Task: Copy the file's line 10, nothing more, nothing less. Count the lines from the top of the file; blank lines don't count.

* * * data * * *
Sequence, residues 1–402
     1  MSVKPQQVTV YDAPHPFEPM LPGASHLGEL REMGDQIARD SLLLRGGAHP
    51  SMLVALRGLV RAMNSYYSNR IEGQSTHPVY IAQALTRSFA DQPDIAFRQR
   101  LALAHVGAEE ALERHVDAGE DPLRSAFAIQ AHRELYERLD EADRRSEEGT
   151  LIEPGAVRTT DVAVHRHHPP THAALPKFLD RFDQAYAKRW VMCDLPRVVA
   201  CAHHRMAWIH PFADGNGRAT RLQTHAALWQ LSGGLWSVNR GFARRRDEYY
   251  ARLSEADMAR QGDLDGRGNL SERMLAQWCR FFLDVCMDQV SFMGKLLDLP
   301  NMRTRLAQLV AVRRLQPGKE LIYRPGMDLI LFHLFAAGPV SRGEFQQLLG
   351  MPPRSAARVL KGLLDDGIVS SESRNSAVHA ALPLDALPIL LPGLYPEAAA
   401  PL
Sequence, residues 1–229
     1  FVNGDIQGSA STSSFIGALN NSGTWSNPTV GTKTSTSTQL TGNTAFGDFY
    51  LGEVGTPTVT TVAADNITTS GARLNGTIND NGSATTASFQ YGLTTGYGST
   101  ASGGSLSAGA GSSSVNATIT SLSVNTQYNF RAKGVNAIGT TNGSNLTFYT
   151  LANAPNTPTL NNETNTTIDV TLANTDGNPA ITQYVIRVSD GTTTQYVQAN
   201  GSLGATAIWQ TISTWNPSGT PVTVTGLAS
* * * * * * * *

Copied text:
   401  PL